September 28, 2009 · 4 Comments
Cate and I spent last Saturday afternoon in Chelsea and a couple things leaped out as really good. More pictures here.
Chris Ofili’s drawings at Zwirner are sneaky. With outsider-like ease, Ofili draws circles within circles until the whole page is covered with the looping delicate graphite lines. Sometimes the circles undulate and swell, appearing like oyster shells or some weird tumors and other times they’re wave-like and calm. Small and large black dots intersect and become foils for the obsessive lines. The dots line up in rows — very orderly — either at the edges of the paper or in the middle. The designs posit a world of opposites, of ephemeral delicacies and deep heavy solids. And of course the whole show by the Afro-Brit artist is a meditation on race with the black dots forming the Afro hair above tiny smiling faces you only see when you go in for a close look. There is a Zen meditative quality to these works which is appropriate to the subject of people in flow, in flux, and in never-ending populations. There’s a new Chris Ofili book I just got with a Q&A with Thelma Golden of the Studio Museum of Harlem. I’ll report on that soon.
Matthew Weinstein‘s animated talking fish video, “Chariots of the Gods” at Sonnabend is great. The artist also has a bunch of monumental-sized paintings with skeletons — in one case skeletons descending a staircase, a rather too jokey image — on view. The talking fish, however, is what’s to see. I kept thinking of the scene in the Wizard of Oz before the wizard is discovered behind the curtain where he talks directly to Dorothy as if he’s God. The fish (voice of the late Natasha Richardson) floats in the middle of a hotel-ish reception room and talks to you, telling a crazy story about aliens coming to earth; about how they were treated like gods and didn’t like it and left. It’s a rambling monologue and at the end the fish says she’s brought you the air conditioned room and isn’t it nice and says she is an asker of questions not an answerer and says “I ask you to appreciate the enormity of what you now do not know. I ask you to curtsy and bow to me with blank smiles of incomprehension as I stride past you”…. Now, how a fish could stride is anybody’s guess. The scene changes and the fish –immersed in the inky depths — sings a song to Annie about the big, cheesy full moon bringing light to the dark.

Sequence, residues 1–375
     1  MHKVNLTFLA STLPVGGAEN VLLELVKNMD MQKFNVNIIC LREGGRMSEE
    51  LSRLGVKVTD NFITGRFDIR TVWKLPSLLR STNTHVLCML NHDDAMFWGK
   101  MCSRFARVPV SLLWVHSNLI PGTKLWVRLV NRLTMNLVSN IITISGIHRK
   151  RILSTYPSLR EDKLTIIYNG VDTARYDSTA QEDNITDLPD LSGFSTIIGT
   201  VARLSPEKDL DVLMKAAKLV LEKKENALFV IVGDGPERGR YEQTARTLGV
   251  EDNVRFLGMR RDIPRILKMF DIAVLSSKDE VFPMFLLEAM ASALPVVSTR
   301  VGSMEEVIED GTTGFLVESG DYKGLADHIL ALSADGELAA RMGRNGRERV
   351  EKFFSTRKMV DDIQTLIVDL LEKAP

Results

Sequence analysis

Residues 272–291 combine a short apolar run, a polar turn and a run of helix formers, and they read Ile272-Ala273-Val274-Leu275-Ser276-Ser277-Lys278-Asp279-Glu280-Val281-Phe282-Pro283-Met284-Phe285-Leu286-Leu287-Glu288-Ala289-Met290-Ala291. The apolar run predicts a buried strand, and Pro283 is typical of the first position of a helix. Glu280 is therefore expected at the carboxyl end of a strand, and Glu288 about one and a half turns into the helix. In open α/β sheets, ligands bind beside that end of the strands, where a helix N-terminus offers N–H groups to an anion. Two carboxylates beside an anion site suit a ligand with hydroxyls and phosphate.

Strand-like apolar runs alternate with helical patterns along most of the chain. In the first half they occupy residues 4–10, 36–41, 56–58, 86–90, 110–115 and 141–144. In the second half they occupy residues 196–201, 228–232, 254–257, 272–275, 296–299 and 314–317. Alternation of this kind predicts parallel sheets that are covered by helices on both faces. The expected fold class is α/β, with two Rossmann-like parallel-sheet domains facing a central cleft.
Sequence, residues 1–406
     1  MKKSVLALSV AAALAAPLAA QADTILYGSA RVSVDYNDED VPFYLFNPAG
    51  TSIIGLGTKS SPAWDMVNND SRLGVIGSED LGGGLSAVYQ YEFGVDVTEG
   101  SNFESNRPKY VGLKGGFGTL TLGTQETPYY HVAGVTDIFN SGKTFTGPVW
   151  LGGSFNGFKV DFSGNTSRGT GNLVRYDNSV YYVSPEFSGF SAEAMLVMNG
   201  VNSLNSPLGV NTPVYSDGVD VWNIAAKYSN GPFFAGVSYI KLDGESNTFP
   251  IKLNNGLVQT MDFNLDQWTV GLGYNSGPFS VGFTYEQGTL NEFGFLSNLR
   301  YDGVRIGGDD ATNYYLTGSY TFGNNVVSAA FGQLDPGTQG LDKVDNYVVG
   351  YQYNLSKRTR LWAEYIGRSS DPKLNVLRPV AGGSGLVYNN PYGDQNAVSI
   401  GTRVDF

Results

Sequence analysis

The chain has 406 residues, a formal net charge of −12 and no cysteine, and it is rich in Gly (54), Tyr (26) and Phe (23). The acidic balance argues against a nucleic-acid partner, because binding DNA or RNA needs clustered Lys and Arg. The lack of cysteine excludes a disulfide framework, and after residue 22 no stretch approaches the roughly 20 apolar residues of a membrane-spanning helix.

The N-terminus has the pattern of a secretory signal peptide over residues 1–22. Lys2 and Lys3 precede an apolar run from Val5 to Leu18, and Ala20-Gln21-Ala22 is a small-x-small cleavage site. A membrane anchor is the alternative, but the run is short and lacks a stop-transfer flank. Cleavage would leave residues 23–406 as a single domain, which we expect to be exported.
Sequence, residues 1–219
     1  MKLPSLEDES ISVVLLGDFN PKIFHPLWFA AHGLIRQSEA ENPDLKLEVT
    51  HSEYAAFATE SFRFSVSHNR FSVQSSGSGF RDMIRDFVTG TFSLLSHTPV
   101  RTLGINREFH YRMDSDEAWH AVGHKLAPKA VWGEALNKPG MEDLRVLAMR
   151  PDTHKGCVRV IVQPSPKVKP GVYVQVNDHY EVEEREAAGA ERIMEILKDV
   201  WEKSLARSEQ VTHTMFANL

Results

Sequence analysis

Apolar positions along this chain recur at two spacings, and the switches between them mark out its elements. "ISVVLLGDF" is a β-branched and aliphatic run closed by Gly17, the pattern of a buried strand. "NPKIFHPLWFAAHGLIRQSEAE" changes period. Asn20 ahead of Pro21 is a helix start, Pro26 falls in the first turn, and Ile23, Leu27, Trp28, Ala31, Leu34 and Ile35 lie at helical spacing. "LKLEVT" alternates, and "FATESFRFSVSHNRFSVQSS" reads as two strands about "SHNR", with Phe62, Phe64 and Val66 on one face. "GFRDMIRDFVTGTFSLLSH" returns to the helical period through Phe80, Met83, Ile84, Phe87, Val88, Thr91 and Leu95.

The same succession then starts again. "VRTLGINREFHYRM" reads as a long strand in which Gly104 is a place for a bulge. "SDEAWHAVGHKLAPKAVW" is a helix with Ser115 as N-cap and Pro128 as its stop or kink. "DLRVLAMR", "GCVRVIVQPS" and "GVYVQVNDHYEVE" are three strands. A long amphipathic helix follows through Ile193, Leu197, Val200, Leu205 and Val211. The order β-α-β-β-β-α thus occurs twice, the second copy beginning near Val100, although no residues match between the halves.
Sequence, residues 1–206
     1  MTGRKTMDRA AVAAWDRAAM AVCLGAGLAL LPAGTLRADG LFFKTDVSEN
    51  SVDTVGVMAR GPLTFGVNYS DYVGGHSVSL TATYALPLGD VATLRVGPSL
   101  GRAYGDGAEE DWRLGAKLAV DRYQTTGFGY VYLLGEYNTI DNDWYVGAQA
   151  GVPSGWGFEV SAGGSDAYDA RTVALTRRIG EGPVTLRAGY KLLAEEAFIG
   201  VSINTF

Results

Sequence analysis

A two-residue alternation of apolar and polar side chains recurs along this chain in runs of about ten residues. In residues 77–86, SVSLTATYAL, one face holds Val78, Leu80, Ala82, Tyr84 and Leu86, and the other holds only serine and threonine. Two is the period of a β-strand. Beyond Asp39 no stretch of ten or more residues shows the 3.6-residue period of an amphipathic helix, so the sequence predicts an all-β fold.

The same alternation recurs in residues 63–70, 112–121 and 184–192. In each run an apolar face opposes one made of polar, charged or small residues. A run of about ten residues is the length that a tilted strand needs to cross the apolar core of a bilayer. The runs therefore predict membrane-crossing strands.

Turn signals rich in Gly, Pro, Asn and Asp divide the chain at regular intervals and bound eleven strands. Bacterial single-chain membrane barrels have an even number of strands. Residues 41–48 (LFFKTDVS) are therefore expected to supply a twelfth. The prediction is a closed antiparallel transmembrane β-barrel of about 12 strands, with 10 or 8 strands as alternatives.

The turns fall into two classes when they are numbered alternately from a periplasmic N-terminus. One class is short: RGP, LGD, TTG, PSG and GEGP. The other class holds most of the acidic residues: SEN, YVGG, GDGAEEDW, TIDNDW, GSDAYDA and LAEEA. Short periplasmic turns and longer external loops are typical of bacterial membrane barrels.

Trippy and beautiful in a pop culture fashionable way, the fish story is altogether captivating. Is it a spoof of gurus? A send-up of Pixar? Whatever. It’s a great hallucination and, like I said, it’s Wizard …of Oz.
Anthony Goicolea‘s show Once Removed at Postmasters is the artist’s response to his first trip to Cuba. The American-born artist of Cuban heritage is obsessed with his family’s roots on the island. And after his first trip there, he displays memorials to his family’s past in photos, a painting and a video where things are lit with magical strings of lights that might represent spirits or a memorial. There’s a video of the artist in a little rowboat at night throwing overboard a bunch of cinder blocks–it’s captivating to watch if a bit obscure in its message. It’s a sweet show, very personal and right in the tradition of Afro-Caribbean spiritualism.
Hellen Van Meene’s photos of children at Yancey Richardson are downright Victorian. She’s got children dressed in fanciful clothing (she has a wardrobe she selects from and dressed the child, sometimes putting the dress on them backwards we were told). Some of the photos are of African American children and those seem less posed–they’re not fanciful or fairy tale-like, but street shots, empathetic, that you have seen before. It’s with the Dutch and Russian children that she’s more manipulative and has the better results with images that are weirdly voyeuristic (one thinks of Lewis Carroll‘s photos of Alice but also, because of their sexual charge, the photographer of New Orleans prostitutes E. J. Bellocq)
Kara Walker and Mark Bradford both have new work at Sikkema Jenkins. Walker’s got a video with shadow puppets that continues her narratives of violence and death in the antebellum south. Both artists are best when working large scale and here the works are smallish and feel like out-takes from bigger thoughts expressed in other works. Not a fabulous show.
Alex Bag’s new video Reality Tunnel Vision at Elizabeth Dee is a miss. The artist, who can be right on target with her art-insider parodies, here tackles a huge subject, reality tv shows. She’s just not funny enough to skewer the subject the way it needs to be skewered. Her faux tv show, Medieval Grillin’ in which she barbeques some kind of hallucinogenic plant then eats it and goes on a trip could be broad slapstick ala Monty Python. Yet Bag is off the mark here with one long jokey shaggy dog story that’s just not funny. And at ten minutes the piece is way too long.
Tags: alex bag, anthony goicolea, chelsea, chris ofili, elizabeth dee, hellen van meene, kara walker, mark bradford, matthew weinstein, new york, postmasters, sikkema jenkins, sonnabend, yancey richardson, zwirner